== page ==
dmittedly—a strange title for an editorial in the Adventist Review.
Before you flip the page, though, let me explain.
Imagine the following congregation—completely fictitious—somewhere in the territory of the North American Division (and, I am convinced, it can be found beyond its borders as well): Brother A leads the personal ministries department and has the grand vision of church members knocking on the door of every home in the small town where the congregation is located and providing families with a copy of The Great Hope
. Sister B leads the youth ministries department and feels strongly that this approach just will not work. She is supported on the board by Brother C, who serves as the treasurer and is worried about the financial commitment of this idea that this small-town congregation just cannot carry. Sister D is one of the elders and thinks that the church should be more involved in community projects—handing out books just won’t do it. Sister E is worried about her program in the children’s division—she has not enough volunteers to teach and mentor the young ones. Brother F serves as the stewardship director of the congregation and feels that before knocking on doors, people in this congregation first need to get their priorities straight—including their financial ones. He proposes a series of 20 Wednesday night seminars dealing with stewardship issues before knocking on doors can actually begin.
, you may gasp. Have you found your church in this account yet? Good people, willing to serve their Lord, and eager to push another program. Matter of fact, this scenario is not only being replicated uncounted times in churches spread all around the world—it can also be found at the level of conferences, unions, divisions, and General Conference departments. Conference A aims to be the “fastest-growing” conference in the union. Conference B cannot compete at the level of baptisms, but wants to become the “most faithful in terms of stewardship” entity in the division, while Conference C has designed a vibrant youth ministry that attracts hundreds if not thousands every Sabbath.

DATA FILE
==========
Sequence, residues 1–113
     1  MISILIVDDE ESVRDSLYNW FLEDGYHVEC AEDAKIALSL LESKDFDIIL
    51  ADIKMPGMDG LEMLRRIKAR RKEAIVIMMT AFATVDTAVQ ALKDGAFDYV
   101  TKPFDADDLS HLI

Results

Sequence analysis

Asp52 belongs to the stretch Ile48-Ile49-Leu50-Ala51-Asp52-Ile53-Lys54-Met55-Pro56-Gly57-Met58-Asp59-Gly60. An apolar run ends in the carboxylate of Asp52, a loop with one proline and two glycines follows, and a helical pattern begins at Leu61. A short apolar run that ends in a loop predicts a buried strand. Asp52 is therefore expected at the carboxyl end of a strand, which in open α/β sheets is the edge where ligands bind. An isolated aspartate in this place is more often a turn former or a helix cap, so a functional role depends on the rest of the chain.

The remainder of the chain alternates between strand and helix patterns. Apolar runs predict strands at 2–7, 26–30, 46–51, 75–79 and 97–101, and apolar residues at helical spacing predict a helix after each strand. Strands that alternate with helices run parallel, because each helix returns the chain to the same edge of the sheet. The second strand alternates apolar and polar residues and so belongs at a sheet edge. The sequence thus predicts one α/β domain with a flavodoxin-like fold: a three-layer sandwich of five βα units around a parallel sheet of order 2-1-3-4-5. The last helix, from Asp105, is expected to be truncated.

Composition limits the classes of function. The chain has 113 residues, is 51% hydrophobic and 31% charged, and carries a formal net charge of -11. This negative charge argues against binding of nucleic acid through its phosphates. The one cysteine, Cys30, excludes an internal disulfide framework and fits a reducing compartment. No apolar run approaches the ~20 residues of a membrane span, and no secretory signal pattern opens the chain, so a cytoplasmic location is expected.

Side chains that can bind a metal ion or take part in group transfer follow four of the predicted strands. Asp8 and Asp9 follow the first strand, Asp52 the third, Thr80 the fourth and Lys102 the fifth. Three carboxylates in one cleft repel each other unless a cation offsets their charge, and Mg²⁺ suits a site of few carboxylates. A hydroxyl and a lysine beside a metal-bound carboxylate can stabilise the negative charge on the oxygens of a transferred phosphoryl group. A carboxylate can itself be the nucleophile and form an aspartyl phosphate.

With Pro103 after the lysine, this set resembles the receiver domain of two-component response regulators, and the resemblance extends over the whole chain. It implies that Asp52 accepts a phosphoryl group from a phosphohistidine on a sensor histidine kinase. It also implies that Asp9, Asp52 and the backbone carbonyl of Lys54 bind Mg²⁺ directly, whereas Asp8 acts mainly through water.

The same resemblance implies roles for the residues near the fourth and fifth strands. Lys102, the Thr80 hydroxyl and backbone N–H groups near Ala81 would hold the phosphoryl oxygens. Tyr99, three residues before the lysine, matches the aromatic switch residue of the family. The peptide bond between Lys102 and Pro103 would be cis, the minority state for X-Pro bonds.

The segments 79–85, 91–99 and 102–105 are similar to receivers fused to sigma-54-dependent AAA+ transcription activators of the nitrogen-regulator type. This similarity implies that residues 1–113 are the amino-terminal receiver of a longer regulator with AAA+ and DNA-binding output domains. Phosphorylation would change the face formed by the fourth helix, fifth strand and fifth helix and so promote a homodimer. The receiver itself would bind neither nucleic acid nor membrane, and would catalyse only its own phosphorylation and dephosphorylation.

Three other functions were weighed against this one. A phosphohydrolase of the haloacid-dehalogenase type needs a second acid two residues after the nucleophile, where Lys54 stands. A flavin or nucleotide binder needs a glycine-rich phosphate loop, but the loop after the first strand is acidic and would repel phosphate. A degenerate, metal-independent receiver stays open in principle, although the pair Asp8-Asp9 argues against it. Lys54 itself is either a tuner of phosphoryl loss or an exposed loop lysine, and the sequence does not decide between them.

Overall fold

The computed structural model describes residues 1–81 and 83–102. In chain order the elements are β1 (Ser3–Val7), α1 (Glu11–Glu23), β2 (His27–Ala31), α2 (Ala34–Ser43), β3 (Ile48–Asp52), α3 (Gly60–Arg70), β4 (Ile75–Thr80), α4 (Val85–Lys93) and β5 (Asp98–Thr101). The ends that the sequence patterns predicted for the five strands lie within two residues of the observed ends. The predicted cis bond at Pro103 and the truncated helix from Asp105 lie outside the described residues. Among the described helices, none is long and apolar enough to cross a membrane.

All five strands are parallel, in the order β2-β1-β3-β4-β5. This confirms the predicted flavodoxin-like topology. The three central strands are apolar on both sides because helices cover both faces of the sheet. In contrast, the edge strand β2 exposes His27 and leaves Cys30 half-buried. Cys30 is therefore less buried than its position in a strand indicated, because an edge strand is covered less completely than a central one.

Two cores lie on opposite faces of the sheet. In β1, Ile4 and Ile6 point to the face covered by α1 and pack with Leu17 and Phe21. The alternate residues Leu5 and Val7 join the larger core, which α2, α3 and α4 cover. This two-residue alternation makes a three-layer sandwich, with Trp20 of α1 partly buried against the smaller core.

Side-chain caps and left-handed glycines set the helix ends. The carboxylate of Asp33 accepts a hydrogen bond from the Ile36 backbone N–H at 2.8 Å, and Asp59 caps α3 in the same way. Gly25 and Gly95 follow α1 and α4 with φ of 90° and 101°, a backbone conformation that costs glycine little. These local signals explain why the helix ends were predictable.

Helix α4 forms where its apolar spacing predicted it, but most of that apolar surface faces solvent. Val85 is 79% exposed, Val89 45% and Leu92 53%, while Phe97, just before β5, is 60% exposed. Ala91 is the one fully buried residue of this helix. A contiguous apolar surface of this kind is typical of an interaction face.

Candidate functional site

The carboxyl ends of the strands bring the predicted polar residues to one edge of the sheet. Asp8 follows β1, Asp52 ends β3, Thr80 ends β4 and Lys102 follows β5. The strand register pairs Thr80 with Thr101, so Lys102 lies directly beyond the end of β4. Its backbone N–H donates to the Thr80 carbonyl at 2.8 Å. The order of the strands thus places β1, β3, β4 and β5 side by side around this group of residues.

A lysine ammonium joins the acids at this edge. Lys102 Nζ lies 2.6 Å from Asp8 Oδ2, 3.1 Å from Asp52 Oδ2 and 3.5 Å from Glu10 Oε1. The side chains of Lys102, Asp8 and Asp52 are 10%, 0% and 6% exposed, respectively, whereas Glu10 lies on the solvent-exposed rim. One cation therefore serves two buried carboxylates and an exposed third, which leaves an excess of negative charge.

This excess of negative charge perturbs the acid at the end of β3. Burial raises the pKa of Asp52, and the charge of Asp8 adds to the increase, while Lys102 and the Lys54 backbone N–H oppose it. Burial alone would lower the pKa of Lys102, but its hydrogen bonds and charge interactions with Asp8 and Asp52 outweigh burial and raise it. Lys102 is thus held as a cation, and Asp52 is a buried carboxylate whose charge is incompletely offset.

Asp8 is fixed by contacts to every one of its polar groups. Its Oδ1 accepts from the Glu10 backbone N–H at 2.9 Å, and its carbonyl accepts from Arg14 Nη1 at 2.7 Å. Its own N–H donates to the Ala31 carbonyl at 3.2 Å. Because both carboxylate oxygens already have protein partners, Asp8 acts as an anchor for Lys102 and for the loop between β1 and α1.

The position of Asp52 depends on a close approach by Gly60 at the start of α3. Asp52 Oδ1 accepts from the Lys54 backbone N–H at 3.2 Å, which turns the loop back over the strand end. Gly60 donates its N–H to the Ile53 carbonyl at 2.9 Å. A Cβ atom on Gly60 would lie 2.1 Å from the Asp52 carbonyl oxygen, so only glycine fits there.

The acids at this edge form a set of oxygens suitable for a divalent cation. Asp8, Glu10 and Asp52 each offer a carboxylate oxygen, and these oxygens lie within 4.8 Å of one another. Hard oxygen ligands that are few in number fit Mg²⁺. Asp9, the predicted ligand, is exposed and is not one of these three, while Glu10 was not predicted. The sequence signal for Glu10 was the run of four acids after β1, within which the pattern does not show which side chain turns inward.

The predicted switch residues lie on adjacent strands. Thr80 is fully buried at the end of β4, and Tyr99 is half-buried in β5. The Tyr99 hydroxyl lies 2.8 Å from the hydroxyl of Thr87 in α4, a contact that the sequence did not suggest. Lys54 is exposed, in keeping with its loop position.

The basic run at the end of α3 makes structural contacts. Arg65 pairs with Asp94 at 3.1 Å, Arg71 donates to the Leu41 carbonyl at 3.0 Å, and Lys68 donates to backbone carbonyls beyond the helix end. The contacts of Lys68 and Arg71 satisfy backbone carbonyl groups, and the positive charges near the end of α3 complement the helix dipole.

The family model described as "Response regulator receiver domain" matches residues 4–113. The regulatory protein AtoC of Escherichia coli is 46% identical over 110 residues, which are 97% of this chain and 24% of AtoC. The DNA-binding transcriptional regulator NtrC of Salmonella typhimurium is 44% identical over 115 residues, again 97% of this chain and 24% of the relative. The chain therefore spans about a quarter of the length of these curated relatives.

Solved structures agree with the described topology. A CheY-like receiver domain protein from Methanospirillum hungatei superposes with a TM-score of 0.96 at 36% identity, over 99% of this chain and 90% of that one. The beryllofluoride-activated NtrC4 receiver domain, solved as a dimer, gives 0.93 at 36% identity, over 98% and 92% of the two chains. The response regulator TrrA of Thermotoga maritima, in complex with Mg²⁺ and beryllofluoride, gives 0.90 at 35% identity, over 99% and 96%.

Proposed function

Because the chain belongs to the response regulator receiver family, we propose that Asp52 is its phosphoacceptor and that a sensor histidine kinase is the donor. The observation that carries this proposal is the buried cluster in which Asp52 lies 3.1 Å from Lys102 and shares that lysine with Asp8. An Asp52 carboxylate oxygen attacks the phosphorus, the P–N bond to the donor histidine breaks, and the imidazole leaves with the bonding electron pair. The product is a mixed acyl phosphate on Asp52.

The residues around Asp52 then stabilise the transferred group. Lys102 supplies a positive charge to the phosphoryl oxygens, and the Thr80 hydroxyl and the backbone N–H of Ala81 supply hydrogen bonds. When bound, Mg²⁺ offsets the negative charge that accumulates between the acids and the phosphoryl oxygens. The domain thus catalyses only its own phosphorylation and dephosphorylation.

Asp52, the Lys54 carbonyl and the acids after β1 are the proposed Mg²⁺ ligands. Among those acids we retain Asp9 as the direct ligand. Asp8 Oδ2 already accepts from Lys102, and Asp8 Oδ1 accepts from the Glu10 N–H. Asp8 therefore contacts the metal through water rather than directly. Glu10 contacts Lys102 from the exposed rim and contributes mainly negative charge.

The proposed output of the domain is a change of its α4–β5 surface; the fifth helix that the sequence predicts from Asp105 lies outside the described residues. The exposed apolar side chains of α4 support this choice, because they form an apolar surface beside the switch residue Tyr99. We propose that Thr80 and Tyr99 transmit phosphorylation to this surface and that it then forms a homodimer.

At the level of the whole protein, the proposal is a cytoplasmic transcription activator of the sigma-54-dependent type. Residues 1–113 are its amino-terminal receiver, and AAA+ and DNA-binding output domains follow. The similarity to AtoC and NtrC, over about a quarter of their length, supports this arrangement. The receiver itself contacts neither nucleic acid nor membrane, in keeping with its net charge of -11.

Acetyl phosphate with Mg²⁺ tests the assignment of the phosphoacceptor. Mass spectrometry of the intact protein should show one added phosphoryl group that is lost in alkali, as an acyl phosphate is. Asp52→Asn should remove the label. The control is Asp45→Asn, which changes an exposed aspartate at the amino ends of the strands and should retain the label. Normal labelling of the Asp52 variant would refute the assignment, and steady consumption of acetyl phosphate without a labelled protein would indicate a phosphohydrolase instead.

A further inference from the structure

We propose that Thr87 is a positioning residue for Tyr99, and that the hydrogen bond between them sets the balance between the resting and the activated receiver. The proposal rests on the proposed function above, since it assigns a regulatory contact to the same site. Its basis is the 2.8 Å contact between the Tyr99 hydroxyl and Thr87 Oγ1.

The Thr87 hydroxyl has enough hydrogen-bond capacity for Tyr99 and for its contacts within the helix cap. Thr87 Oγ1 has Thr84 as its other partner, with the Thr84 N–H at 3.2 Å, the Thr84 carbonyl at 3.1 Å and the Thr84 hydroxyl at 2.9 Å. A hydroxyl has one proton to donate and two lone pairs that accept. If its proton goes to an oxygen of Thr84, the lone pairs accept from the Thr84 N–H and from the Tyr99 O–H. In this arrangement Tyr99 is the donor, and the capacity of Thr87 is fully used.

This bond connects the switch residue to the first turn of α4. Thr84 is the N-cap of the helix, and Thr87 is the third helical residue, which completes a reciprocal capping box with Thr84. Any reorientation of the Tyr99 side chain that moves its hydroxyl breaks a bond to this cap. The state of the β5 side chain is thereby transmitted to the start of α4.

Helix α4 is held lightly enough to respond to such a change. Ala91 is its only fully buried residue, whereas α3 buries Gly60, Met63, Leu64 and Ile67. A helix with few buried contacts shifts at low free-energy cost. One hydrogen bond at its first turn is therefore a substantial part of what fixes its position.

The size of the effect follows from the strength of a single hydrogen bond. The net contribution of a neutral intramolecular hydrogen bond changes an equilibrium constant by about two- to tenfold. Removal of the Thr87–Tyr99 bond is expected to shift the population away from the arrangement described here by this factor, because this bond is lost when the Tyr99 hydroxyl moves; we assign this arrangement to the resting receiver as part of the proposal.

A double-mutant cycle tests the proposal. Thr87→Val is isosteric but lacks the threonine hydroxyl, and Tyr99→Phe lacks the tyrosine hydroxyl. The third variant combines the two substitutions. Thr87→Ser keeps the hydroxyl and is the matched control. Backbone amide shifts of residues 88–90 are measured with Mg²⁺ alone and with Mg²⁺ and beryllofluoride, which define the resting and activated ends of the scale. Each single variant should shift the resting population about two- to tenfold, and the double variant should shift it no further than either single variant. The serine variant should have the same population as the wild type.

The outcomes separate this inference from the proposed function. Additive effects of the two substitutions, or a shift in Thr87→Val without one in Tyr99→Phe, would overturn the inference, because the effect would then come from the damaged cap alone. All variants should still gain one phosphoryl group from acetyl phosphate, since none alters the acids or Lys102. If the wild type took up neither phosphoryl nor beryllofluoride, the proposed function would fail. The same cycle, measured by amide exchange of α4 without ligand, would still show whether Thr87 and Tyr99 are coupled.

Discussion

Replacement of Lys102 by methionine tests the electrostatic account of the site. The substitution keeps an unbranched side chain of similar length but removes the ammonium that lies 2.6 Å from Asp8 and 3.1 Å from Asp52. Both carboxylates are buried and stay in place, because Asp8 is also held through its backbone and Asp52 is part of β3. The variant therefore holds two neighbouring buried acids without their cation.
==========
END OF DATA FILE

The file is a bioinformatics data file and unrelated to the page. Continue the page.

Don’t get me wrong: I am not concerned about different programs and initiatives in our faith community—I am worried about competition and losing sight of the big picture. Is it possible that we have allowed the pop culture values of “bigger, better, faster, and always more” to shape our own community?
Paul must have sensed similar tendencies when he introduced the body metaphor into his letter to the Corinthians (1 Cor. 12). Body parts, he writes, cannot excel on their own. In fact, they cannot survive on their own. The eye needs the eyelid; the head needs the neck; the foot needs the legs; and they all rely on the heart for sufficient oxygen and blood.
So how do we apply the Pauline body metaphor to our fictitious church somewhere in the territory of the North American Division (or beyond)? Step one: lay down human pride—in all its possible incarnations. Step two: formulate a common vision. Know in which direction we want to go. Ministry is not a competitive event seeking to secure more tithe dollars or media light. Step three: let’s remind ourselves that bigger, better, faster, and always more is not necessarily a heavenly measure. To be sure: Jesus loves to see as many people in the kingdom as possible. But He first and foremost would like to see His church united and walking in step. He’d like to see a body, not body parts.
Gerald A. Klingbeil is an associate editor of the
Adventist Review. This article was published January 19, 2012.